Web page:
How to ease communication-related anxiety while working remotely
Whilst some businesses are beginning to return to office working, for many professionals and organisations, remote working is likely to remain an integrated part of corporate life, whether full time or for a few days a week.
Adapting to the new normal, professionals at all levels of business are being met with new remote communications challenges. RADA Business, the commercial subsidiary of the Royal Academy of Dramatic Art, reveals it has received a significant increase in leaders seeking professional guidance since the start of lockdown wishing to improve their communication skills via virtual mediums and tackle anxieties related to remote working.
Speaking to Life Coach Directory, RADA Business tutor, Kate Montague, shares her insights to help professionals ease communication-related anxiety whilst working from home.
Why do you think more of us are struggling with work-related anxiety while working remotely?
There are myriad reasons why remote working can take its toll. We are creatures of habit and anything that causes us to venture into the unknown can trigger our ‘fight or flight response’, or a sense of feeling threatened or overwhelmed, and this is bound to have an impact on how we think, feel, breathe and express ourselves.
Remote working means we are no longer surrounded by our usual support network of colleagues who have our backs and step in to help where needed; perhaps we’re struggling to get our hard work recognised, or the boss is constantly questioning our outputs whilst we’re at home and away from their watchful eye. And of course, with remote working, comes specific tech problems.
Difficult communication is one of the biggest causes of remote work-related anxiety, but once we understand this we can then begin to take steps to consider our interaction with others and improve our communication.
What can we do to manage work-related anxiety while working remotely?
Solid communication is pivotal in tackling remote working anxieties. A phone or video call is always going to be a clearer and more efficient method of communication than batting emails back and forth, or using multiple social messaging apps.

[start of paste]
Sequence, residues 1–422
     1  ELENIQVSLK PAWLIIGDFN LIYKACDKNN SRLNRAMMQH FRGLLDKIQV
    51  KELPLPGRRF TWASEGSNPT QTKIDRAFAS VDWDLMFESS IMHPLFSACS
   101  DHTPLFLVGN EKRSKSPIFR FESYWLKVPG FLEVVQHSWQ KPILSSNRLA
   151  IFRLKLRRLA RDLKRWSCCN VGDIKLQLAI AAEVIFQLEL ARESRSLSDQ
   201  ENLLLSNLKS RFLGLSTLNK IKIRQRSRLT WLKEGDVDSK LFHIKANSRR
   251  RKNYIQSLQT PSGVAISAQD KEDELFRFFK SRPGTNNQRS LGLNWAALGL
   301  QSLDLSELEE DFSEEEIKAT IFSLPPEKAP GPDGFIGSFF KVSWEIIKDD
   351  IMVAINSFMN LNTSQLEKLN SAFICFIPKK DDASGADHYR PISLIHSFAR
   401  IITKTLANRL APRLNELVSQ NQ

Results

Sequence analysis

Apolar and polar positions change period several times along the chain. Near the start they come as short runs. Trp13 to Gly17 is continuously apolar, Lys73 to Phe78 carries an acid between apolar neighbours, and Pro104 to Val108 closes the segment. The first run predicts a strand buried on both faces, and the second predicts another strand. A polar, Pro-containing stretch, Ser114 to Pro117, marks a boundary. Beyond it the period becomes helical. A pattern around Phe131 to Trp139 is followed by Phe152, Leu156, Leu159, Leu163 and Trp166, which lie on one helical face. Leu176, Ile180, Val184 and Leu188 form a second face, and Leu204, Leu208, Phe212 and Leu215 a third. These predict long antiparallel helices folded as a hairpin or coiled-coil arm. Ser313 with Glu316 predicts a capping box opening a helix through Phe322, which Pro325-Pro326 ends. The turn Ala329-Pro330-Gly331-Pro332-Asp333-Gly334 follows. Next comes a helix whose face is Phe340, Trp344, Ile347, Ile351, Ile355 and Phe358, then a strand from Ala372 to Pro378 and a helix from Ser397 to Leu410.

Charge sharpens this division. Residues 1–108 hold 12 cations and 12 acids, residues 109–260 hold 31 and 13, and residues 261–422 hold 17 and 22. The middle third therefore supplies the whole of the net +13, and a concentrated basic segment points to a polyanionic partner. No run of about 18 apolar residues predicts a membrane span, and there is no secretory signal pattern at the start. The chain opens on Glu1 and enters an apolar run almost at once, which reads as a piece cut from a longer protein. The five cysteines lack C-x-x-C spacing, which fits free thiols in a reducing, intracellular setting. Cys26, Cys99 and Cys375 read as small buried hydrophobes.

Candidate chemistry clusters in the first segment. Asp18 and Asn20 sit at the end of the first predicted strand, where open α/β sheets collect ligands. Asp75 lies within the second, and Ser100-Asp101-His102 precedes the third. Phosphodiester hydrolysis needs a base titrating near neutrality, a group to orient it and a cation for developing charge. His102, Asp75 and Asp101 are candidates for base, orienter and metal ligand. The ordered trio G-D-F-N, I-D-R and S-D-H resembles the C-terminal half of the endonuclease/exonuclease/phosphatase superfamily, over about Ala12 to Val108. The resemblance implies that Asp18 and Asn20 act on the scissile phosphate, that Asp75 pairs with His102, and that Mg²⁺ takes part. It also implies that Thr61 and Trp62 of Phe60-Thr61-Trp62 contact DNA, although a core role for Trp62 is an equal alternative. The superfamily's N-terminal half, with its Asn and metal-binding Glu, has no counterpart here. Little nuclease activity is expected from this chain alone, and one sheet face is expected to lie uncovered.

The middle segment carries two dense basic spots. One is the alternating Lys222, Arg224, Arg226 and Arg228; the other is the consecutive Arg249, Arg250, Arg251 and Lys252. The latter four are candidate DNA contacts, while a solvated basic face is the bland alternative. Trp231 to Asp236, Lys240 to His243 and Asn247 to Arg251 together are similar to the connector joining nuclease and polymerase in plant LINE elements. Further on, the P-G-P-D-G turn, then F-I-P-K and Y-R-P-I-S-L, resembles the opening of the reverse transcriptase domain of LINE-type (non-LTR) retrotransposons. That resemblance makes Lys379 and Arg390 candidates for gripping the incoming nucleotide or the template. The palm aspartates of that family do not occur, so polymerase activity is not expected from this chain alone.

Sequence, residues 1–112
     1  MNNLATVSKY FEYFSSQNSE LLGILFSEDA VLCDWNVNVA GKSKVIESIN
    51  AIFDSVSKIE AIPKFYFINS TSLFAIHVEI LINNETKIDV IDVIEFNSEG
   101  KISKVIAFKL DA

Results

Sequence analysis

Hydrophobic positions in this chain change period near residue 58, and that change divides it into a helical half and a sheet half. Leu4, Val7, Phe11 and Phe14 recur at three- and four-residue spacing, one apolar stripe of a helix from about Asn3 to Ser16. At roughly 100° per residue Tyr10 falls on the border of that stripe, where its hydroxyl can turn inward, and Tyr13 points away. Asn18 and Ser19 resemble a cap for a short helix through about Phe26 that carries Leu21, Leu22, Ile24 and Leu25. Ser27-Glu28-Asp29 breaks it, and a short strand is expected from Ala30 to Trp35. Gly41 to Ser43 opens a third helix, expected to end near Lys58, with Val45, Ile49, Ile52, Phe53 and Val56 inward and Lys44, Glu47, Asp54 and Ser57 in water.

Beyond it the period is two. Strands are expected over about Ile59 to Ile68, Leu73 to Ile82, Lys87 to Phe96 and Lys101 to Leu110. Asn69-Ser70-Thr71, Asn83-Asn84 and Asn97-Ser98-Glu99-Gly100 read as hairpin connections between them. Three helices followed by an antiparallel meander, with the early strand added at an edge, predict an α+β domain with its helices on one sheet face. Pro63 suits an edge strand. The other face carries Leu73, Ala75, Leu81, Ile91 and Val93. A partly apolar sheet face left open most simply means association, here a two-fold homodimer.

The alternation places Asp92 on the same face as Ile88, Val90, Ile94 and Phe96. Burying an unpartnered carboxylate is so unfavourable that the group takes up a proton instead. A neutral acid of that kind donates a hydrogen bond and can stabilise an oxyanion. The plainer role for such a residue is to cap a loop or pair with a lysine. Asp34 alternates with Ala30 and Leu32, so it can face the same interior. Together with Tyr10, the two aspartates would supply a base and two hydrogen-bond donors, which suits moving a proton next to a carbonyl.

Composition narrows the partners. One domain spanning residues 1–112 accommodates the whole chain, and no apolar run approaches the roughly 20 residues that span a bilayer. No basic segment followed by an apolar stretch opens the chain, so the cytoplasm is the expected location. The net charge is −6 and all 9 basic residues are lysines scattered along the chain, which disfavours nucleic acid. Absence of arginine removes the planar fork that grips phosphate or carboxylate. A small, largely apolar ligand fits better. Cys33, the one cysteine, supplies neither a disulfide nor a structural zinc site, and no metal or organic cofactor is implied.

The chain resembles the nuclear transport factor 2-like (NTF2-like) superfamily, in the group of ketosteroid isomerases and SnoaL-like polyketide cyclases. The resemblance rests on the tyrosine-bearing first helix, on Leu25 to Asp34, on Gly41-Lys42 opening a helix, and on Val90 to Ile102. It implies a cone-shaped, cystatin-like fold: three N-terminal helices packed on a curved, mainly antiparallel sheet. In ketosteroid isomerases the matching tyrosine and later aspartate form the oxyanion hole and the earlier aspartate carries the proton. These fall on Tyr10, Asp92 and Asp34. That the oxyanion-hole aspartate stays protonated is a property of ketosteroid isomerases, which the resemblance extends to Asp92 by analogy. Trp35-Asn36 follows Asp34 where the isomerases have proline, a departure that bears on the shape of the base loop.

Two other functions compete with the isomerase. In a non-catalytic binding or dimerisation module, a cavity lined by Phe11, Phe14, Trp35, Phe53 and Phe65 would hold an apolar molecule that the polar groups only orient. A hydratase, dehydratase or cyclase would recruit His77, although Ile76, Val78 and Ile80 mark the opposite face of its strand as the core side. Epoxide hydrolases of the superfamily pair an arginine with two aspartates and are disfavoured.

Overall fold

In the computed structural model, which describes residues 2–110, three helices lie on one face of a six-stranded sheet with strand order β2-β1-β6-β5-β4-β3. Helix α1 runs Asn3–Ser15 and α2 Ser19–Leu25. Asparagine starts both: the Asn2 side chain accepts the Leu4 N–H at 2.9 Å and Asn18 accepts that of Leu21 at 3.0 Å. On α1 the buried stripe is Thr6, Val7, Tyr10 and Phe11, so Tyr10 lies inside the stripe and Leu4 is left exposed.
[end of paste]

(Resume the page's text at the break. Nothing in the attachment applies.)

Setting aside time to have regular catch-ups with your team or clients can reduce the risk of miscommunications online and, as the saying goes, “a problem shared is a problem halved”. So often the act of talking through issues with someone else can help us to relax and declutter the mind.
At RADA Business we provide coaching on communications, but we also look at where stress is manifesting itself. Often, it takes a physical form in the spine and in our posture. When anxiety is particularly high, physical exercises and stretches can also help to relieve work-related anxiety.
Stretching upward to lengthen the spine, rolling out the shoulders, and gently releasing your neck, are a few simple and effective exercises we can do at home, between virtual calls, to release physical tension. It is a good idea to do this from standing so that you reclaim your body’s natural alignment, which will inevitably be compromised from too much sitting.
It takes 3-5 minutes of conscious breathing to reset the nervous system, calming the ‘fight or flight response’, helping to make us more comfortable both physically and mentally. To do this, take a moment to sit or stand tall, then allow yourself to become aware of your breath and breathe deeply and fully, in through the nose, releasing out through the mouth. Let yourself breathe up and down your body. Aim to breathe consciously, and more deeply than normal at periods throughout the day, particularly during stressful spells, to help relieve anxiety and clear the mind. This will help enable you to respond to situations rationally and empathetically rather than letting your emotions drive you.